Safety Assessment for Cosmetics and Soap

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Many suppliers advertise their products are 'safety assessed' and buyers find this confusing.  In the EU manufacturers (that is the person who made the soap, cream etc no matter how large or how small their busness) must have a Certificate signed by a qualified Chemist to say the product is safe before they can legally sell or give away soap or cosmetics.  This is very important because it is a law designed to protect the public.  The law was designed so that every single cosmetic sold in the EU was safe and TRACEABLE.  This means that if Trading Standards get complaints about a product they know who made it, where and what ingredients.  This means they can recall dangerous goods and protect public safety - a very good thing in my view. 


Unfortunately there was a loophole in the law (which fortunately has now come to the notice of the appropriate department) and some suppliers of ingredients have crawled through it.  These suppliers apply for a Safety Assessment for their products then 'sell on' that Assessment to their customers claiming this assessment allows manufacturers to 'legally' sell soap or cosmetics..  That claim is highly dubious but these suppliers market their assessments claiming they are doing a public service by allowing small manufacturers to sell their products without having to go to the trouble of learning how to get their products safety tested.  Now this is illegal.  Every manufacturer must appoint a 'responsible person who has sufficient qualifications or experience of the regulations'.  If a manufacturer does not have sufficient grasp of the reuglations to apply for a safety assessment they could be breaking the law.  Another claim these suppliers make is that manufacturers can save money by buying one of these assessments.  In fact a safety assessment is relatively inexpensive so if a manufacturer goes to a supplier instead of a qualified Chemist to save a few pence, will that manufacturer have taken the precaution of buying product liability insurance?  Probably not.

The only person who wins from one of these assessments is the supplier.  The Chemist loses out because a completely unqualified and uninsured person is selling on their assessments so the Chemist does not get a fee.  The manufacturer is in danger of criminal prosecution or claims for damages.  Remember, even if your trading standards officer allows you to manufacture under such an assessment, the chances are if anyone is injured then you are open to litigation with no recourse to the Chemist's professional indemnity insurance.  This is because the 'contract' is between the Chemist and the supplier, not you.  Cosmetic Chemists have insurance so that if they make a mistake any person injured can sue for damages but the contract regarding these 'sell on' assessments is between the Cosmetic Chemist and the person named on the assessment and that is the supplier not the manufacturer.  This leaves manufacturers open to horrendous financial (or criminal) penalties without any recourse.  If you are a customer and you sustained injuuries you would have to sue the manufacturer who probably does not have adequate insurance.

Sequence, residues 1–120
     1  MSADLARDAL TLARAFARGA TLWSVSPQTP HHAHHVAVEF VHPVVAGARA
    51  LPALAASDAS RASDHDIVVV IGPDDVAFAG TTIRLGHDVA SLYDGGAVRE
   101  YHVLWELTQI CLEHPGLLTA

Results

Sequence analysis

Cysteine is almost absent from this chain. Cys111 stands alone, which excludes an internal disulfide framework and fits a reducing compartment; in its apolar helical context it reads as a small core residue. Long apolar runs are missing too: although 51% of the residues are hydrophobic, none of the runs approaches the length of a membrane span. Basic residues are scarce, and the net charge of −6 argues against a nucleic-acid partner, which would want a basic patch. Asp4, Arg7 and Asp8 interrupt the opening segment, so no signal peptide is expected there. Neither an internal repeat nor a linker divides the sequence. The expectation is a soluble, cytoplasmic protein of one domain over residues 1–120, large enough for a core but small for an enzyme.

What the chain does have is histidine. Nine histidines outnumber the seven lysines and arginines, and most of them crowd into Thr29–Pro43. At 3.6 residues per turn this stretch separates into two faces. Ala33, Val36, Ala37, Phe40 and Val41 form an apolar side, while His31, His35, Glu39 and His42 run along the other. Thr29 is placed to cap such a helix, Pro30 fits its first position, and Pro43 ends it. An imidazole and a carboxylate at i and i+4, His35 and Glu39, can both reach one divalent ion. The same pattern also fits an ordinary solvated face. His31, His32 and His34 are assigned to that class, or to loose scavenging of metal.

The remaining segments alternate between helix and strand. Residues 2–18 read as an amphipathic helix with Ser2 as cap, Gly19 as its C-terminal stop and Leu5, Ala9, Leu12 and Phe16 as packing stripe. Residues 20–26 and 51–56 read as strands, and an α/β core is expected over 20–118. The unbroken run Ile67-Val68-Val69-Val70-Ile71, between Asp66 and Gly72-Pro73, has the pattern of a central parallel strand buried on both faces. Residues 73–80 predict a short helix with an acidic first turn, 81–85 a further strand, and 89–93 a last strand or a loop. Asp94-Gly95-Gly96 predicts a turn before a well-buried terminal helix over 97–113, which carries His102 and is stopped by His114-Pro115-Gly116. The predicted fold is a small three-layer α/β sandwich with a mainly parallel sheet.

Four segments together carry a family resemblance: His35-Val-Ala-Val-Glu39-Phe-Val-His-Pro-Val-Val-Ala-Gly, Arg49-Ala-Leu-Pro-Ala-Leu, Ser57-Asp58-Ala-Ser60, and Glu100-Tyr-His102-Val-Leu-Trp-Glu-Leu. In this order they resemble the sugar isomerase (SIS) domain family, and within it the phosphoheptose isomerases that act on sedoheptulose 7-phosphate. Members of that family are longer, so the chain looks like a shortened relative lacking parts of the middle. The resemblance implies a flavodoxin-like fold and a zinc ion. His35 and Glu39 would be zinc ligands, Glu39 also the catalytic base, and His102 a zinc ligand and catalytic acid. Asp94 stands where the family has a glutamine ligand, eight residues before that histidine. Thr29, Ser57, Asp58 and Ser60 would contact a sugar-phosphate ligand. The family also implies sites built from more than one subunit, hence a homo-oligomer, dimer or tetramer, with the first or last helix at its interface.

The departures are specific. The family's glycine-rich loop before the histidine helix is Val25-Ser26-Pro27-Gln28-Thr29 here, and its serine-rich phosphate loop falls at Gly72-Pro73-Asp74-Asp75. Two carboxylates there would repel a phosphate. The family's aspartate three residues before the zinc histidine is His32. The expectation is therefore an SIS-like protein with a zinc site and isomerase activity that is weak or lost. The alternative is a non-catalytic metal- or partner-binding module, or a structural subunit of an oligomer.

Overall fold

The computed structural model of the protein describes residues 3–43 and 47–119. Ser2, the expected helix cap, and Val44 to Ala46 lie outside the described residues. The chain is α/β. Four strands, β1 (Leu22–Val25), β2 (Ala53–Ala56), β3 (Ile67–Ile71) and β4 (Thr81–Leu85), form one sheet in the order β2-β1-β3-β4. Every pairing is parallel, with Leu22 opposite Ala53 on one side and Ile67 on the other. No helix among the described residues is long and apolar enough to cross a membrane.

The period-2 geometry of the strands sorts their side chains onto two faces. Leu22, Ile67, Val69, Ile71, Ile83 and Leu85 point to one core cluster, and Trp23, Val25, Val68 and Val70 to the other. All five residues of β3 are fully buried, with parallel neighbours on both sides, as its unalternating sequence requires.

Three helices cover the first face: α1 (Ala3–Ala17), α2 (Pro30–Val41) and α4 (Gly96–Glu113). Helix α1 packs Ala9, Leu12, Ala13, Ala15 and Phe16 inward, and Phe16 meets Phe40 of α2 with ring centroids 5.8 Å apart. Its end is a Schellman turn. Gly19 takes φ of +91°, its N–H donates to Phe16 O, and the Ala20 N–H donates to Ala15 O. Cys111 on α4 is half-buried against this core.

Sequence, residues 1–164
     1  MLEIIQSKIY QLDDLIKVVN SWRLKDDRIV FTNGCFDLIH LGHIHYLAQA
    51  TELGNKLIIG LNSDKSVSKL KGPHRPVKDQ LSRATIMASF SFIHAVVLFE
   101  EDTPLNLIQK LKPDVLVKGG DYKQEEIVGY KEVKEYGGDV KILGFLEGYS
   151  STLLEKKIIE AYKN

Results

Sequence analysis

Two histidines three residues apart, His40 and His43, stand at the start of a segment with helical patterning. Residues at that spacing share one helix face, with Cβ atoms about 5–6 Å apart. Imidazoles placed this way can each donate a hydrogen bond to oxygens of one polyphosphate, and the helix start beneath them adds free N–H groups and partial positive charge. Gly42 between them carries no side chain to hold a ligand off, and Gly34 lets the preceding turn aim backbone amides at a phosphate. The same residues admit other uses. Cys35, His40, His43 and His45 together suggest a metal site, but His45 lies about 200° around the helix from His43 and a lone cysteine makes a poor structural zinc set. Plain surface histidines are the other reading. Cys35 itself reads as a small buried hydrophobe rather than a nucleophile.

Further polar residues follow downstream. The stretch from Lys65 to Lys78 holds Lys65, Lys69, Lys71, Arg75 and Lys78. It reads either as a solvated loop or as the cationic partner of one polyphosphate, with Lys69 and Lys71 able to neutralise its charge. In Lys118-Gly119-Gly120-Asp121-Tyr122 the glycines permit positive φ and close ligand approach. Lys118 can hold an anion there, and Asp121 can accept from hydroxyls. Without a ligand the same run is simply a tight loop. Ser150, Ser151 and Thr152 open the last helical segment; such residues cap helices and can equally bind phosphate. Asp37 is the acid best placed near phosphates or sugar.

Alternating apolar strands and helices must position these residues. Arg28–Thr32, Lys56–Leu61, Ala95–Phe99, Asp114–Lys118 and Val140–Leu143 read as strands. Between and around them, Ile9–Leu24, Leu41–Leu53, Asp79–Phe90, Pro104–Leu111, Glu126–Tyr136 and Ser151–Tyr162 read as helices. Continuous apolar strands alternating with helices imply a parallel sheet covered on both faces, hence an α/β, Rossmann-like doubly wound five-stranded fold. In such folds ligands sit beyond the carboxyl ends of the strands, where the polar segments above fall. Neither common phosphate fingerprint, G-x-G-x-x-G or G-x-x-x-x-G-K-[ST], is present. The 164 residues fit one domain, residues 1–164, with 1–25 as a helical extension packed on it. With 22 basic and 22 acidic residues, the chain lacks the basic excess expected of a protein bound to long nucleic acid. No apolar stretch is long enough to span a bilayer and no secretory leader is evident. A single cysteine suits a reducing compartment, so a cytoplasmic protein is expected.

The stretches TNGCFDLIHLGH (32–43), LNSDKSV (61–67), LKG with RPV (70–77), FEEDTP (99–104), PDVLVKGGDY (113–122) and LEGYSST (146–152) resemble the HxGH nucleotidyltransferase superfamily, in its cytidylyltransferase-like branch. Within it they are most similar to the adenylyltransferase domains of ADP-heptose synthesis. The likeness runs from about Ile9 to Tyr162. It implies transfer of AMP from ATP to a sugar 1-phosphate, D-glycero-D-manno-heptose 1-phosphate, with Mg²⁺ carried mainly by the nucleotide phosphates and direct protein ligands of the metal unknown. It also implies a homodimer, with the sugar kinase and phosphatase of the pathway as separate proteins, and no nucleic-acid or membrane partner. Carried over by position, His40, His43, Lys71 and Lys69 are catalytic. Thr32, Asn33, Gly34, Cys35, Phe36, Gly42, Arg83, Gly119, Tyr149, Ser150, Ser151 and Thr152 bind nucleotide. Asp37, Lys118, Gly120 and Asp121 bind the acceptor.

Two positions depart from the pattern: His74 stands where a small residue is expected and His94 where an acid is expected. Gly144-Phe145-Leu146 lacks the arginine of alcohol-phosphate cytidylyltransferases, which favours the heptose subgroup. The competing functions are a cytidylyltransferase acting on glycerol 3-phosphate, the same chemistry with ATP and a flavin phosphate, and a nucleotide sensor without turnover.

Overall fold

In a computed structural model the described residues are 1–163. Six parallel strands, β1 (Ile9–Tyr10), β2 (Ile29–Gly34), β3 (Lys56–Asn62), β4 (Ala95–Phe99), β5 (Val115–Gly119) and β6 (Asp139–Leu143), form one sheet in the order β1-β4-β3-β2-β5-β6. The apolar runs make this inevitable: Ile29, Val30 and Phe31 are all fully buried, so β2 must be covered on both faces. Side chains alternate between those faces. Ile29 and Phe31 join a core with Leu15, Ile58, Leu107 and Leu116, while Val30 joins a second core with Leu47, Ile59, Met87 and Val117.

So how do you know who to buy from:

Don't just ask if that person has a Safety Assessment, check the assessment is in the name of the manufacturer and that the contract was between the Chemist and the Manufacturer not a third party.

Remember, a manufacturer must appoint a responsible person who is familiar with the cosmetic regulations, if they cannot apply for a safety assessment do you want them concocting potions for your skin with sometimes dangerous chemicals?
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